A ways outside of Gallup, near Manuelito, was this spot where the old Route 66, I-40, the Sante Fe Railroad, and the river all went through a natural pass in the terrain. It was beautiful. There was even a train off in the distance. In this area, the road followed close to the formations and you can imagine how interesting it is to drive through this area.
As we approached the state line, ready to enter into our 7th state (of eight), was the Yellowhorse trading post. I loved the paintings on the cliffs and they had placed animal replicas up there as well. It was a nice way to leave New Mexico, a state we will definitely visit again (hopefully with our friends Kim and Steve). Just into Arizona was Lupton, which marked the beginning of Luni, Hopi, and Navajo Reservation areas.
Next up was the Petrified Forest National Park. The first picture here gives you an idea of the terrain we went through for approximately 20-30 miles, and expect more of tomorrow. But tucked into this is the painted desert and the petrified forest. It still floors me to have this beauty so hidden in such a desolate area.
The Petrified Forest was declared a National Treasure/Monument by President Theodore Roosevelt in 1906. In 1932, the Painted Desert was added to the monument. In 1962, both were converted to National Park Status.
First up was the painted desert; the red colors are caused by iron, the purplish colors by magnesium, and the grays by carbon. The pictures do not do justice, but they are posted here for you to try and get a feel for the majesty of the scenes.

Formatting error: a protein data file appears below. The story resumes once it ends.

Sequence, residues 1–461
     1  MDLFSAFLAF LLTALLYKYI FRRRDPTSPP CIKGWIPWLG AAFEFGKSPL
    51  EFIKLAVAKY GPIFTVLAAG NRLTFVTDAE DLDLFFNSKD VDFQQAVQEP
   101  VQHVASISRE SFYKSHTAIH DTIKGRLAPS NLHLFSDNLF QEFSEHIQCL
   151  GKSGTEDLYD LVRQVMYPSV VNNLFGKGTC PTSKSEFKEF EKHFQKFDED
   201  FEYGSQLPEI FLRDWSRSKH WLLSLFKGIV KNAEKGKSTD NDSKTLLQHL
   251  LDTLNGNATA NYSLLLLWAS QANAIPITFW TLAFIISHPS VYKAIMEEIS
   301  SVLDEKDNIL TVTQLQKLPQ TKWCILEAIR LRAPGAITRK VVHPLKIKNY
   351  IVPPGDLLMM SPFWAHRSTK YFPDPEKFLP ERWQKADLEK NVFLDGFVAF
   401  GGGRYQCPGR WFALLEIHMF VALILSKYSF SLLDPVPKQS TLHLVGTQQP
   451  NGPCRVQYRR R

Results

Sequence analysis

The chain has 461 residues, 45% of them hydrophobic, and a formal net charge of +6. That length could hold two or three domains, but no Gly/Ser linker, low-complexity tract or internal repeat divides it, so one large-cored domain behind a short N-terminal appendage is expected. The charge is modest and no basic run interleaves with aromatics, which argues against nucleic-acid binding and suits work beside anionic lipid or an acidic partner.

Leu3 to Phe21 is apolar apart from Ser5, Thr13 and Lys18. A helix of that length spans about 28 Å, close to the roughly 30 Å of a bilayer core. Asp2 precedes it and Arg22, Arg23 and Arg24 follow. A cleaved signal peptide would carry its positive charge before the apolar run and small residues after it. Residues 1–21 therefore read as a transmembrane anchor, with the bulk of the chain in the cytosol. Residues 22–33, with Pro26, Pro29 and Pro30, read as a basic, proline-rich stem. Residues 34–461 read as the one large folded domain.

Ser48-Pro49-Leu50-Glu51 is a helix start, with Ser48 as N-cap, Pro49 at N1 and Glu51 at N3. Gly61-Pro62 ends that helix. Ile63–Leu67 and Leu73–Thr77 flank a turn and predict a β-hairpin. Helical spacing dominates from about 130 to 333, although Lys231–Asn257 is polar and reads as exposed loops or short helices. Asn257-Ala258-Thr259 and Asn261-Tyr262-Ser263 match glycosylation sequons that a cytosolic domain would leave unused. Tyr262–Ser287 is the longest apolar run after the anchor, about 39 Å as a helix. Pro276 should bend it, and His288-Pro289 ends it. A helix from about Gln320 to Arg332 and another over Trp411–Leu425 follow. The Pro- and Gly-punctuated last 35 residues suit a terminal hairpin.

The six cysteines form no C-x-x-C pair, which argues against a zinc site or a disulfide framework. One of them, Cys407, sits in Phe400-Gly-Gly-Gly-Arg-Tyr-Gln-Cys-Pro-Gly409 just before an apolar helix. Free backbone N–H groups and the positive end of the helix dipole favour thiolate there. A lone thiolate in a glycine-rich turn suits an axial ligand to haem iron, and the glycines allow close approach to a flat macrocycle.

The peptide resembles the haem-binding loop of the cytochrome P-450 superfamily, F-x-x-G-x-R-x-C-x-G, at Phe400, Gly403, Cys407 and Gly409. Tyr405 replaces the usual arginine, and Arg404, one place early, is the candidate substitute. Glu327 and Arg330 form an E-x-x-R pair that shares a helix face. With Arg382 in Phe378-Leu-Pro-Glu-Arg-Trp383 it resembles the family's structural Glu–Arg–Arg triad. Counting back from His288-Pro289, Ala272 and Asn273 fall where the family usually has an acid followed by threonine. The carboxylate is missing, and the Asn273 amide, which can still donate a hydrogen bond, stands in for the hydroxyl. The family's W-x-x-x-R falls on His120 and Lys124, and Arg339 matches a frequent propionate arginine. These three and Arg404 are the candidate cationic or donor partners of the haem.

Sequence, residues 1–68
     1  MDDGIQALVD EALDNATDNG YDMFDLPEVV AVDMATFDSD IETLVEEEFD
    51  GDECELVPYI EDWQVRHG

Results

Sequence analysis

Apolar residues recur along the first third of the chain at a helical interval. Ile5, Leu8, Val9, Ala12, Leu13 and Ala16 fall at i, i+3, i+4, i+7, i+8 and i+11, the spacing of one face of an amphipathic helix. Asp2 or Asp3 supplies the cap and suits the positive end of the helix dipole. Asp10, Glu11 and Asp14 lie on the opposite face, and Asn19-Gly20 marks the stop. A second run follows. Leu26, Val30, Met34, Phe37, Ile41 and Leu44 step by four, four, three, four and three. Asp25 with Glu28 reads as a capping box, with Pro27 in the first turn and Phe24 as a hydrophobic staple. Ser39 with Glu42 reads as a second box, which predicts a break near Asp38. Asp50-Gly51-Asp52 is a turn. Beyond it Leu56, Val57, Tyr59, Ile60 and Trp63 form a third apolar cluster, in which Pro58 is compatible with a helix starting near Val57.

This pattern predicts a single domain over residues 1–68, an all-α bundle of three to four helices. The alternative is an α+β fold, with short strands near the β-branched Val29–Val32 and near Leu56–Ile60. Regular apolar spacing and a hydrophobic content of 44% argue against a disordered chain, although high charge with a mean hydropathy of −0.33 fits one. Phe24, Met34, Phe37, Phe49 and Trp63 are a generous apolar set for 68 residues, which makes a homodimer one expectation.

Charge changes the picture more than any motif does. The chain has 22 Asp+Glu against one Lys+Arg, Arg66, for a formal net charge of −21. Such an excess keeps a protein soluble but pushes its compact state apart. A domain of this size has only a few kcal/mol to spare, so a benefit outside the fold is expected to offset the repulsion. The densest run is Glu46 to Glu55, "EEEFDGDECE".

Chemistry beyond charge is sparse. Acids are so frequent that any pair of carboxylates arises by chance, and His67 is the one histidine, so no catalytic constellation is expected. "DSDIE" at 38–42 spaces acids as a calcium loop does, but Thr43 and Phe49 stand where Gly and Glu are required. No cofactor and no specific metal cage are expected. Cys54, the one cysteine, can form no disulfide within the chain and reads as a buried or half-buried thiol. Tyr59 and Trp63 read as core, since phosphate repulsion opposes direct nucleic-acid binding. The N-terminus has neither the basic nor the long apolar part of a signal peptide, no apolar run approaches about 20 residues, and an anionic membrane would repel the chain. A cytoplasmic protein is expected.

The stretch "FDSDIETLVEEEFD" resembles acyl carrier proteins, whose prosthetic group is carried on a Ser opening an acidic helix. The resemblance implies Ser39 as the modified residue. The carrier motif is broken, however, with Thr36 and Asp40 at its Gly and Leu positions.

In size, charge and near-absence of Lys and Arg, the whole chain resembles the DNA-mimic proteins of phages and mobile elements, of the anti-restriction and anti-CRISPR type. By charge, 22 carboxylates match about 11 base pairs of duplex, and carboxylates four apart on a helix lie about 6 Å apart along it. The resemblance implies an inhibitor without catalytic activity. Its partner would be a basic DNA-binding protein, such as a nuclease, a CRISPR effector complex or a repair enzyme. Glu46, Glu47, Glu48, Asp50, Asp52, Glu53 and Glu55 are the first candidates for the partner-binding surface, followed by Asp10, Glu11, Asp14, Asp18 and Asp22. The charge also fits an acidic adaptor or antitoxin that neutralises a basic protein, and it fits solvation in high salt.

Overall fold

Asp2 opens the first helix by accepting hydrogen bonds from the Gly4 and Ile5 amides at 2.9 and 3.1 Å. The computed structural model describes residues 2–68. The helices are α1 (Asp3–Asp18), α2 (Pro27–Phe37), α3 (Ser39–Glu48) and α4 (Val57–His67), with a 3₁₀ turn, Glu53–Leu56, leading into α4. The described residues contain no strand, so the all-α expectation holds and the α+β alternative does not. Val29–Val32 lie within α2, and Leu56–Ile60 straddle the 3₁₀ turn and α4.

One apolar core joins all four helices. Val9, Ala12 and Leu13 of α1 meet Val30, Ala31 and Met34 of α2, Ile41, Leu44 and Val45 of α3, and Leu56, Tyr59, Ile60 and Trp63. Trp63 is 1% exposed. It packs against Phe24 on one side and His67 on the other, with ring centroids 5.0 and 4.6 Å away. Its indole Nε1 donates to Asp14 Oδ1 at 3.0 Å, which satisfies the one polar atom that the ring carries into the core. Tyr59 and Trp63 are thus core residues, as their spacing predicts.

The Petrified Forest is approximately 225 million years old. The original location of the 200 foot trees was in the area now around Panama, but with the tectonic plate shifts, this area is now in Arizona. This was known as the Triassic period.
There was a torrential storm that felled many of the trees, and as they were swept into the river, their branches were stripped off, and they eventually came rest in a swamp. Then, volcanic ash and sand and silt settled over the swamp, and decay of the trees was prevented. Next, the silica in the volcanic ash seeped into the porous trees, and interacted with the cellulose in the trees and turned them to stone (quartz). It was an amazing thing to behold and I hope you get a small feel from theses shots. [Of course after 12 days, my camera battery died right in the middle of the Petrified Forest pictures, so you have to deal with some cell phone pictures]
While we were in the Painted Desert and Petrified Desert, we walked four different trails, got some intense sun, drank a lot of water, and thoroughly enjoyed the experience. Nothing beats mother nature! Then it was on to Holbrook where we checked into the awesome WigWam Motel. Here is a picture with Beth in the doorway. We are watching the OKC vs. Spurs game then will head out for a bite to eat. Happy Wednesday to you!